EVANSTON, Ill. (AP) — Coming off a tight victory and a return to the Top 10, No. 8 Wisconsin has every right to feel good about itself.

The Badgers can also be excused if they're a little nervous given who they play on Saturday.

Wisconsin visits Northwestern, a team that has given the Badgers all sorts of trouble in recent years.

"It's going to be a tough, tough challenge," Wisconsin running back Corey Clement said. "We're ready to embrace the opportunity to go into their stadium and come out with a victory."

The Badgers (6-2, 3-2 Big Ten, No. 8 CFP) beat then-No. 7 Nebraska 23-17 in overtime last week after letting a lead slip away in regulation, and came away with a program-record third win against a Top 10 team this season.

It vaulted them back into the Top 10 and put them a game behind the Cornhuskers in the Big Ten West race along with Northwestern (4-4, 3-2) and two other teams.

They're facing a different challenge this week, against a team that has given them fits in recent years.

The Wildcats have won four of six after a 0-2 start and nearly pulled off an upset at Ohio State last week, settling for a late field goal after driving to the 3 and losing 24-20.

"We're an average football team," Northwestern coach Pat Fitzgerald said. "That's what we look like on tape. Saturday's another example of that. We had ample opportunities in all three phases, and we were really inconsistent fundamentally. I thought we were really inconsistent as a team in our effort, in our strain to not only finish, but to win in some one-on-one battles. I think that cost us in the long run."

Here are some things to know as Wisconsin meets Northwestern:

WISCONSIN BADGERED: Wisconsin has had its difficulties with Northwestern in recent years, dropping six of their past 10 meetings.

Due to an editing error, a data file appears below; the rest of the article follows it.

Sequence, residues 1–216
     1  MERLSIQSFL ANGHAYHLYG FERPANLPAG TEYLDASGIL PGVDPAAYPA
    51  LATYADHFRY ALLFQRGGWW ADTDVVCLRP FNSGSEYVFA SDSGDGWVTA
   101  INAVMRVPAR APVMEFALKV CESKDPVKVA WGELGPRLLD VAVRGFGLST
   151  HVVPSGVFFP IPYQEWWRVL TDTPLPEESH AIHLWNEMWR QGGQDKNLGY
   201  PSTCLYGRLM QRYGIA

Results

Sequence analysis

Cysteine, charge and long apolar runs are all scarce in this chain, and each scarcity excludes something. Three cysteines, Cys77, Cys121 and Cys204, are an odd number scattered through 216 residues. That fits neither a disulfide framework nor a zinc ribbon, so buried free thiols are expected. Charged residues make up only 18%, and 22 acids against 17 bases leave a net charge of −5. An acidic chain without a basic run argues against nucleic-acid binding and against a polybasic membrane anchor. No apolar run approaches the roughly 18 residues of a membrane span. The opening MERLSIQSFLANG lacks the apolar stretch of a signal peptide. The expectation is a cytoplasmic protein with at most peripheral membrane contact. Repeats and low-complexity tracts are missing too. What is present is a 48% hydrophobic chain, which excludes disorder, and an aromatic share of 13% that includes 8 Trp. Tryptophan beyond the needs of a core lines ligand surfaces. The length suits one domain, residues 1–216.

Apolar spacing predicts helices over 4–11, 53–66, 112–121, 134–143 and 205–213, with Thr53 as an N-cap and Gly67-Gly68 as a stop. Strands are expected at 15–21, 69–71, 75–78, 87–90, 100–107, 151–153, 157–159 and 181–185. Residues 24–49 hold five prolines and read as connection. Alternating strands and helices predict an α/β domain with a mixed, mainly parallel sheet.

The Badgers have dropped four in a row at Ryan Field since a win in 1999 and had no luck either at Camp Randall Stadium last year.

Wisconsin lost that game after three touchdowns were negated by calls from the officials, who had snowballs thrown at them as they left the field.

ONE OR THE OTHER: Wisconsin coach Paul Chryst says freshman Alex Hornibrook will start against Northwestern, though he still apparently intends to play backup quarterback Bart Houston, too. Hornibrook took over from Houston as the starter in Week 4. Houston has been playing more the last couple weeks in a designed move that is supposed to give the offense a change of pace. Houston, a senior, is more mobile. But the results of the two-quarterback system have been mixed. Houston was the quarterback for the overtime drive last week against Nebraska that led to the Badgers' go-ahead touchdown run.

THORSON'S RISE: Northwestern quarterback Clayton Thorson is settling in after a shaky start.

He has 10 touchdowns and two interceptions in the past four games after throwing for five TDs and getting picked off four times in the first four. He has also thrown for more than 250 yards the past three games and ranks third in the Big Ten in passing.

ON THE LINEBACKERS: The Badgers keep finding productive backups to step in for injured linebackers. Ryan Connelly was named Big Ten Co-Defensive Player of the Week last week for his 11-tackle performance against Nebraska. He helped fill in for leading tackler Jack Cichy, who is out for the year with a torn pectoral muscle. Leon Jacobs also had 11 tackles in his most extensive action inside to help replace Cichy. The Badgers' long-term plan to rotate players in spring ball and training camp has been paying off with productivity. They might have to dip into their depth again since outside linebacker T.J. Watt was questionable at midweek with a right shoulder injury. Garrett Dooley and Zack Baun would fill in for Watt if he can't go.

RUSH FOR MILESTONE: Justin Jackson needs 132 yards to become the first Northwestern player to rush for 1,000 in three straight seasons. The junior is the Big Ten's second-leading rusher this year.

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